Ohba Minako (Yuko Tanaka), a 50 year-old Japanese woman, drinks beer with her elderly aunt, enough to cause her to sprawl slightly in her aunt’s living room towards the end of the evening. Her aunt raises the subject of Minako’s early romance with “the painter’s son”, but Minako claims not to remember. This is a touching evasion, tantamount to a confession. Who can forget her early romances?
Minako lives alone. She delivers milk on foot in the early mornings to the households that are built cheek to jowl on the steep hillsides of her town. During the day, she works as a cashier at a local supermarket. In her own time, she reads.
Her aunt, a writer, is one of her customers on her early morning rounds. Her aunt also takes care of her husband who was a professor of English but now suffers from severe dementia. She has been approached to write about her experiences with her ailing husband, but she remarks that she does not want to write about her own experiences, “but a story about a woman of 50 in love”.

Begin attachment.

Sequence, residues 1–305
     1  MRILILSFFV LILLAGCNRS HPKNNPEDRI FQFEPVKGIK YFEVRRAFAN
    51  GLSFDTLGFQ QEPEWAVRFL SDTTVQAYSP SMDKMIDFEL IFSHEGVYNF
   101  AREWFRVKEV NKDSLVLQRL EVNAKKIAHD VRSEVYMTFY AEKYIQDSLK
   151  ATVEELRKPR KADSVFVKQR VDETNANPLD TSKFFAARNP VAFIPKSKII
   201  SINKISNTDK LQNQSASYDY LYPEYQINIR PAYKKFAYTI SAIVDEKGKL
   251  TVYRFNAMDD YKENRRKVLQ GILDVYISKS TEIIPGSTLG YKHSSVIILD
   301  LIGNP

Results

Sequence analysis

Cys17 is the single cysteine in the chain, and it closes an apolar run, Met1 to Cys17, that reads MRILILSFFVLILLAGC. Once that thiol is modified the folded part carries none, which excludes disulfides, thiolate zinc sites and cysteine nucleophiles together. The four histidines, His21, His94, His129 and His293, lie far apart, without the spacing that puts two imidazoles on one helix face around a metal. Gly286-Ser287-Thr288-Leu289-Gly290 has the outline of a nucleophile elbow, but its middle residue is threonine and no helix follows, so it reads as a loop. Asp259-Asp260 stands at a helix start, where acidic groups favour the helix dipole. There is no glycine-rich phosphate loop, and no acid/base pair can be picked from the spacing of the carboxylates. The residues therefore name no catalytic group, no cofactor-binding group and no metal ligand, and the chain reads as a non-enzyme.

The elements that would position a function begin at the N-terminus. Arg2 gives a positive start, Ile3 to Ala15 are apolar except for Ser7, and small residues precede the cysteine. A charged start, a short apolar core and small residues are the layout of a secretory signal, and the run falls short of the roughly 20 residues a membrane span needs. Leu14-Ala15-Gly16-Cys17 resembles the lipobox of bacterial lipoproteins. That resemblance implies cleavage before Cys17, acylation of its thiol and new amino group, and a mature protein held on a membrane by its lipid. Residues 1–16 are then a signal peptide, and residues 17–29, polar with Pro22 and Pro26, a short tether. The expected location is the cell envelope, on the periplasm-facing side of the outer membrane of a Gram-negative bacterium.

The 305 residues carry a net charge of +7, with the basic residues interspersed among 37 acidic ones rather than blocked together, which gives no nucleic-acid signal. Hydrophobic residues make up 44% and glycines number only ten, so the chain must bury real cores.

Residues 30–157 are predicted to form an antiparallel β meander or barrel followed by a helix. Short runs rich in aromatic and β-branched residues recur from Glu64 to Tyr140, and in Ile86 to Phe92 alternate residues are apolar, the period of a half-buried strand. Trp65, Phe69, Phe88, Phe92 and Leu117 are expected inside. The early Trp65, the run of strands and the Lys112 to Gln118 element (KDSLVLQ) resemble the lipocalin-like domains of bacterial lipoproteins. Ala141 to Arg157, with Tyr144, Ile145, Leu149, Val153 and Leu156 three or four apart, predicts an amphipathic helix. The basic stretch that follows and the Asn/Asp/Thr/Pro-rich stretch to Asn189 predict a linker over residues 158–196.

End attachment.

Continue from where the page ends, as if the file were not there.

When she was still a schoolgirl, Minako resolved never to leave her city; she wanted to know its people as she and they got older; she believed that such a thing would be wonderful. She lives out this ideal, not just by remaining in her home town, but by delivering bottles of milk every morning.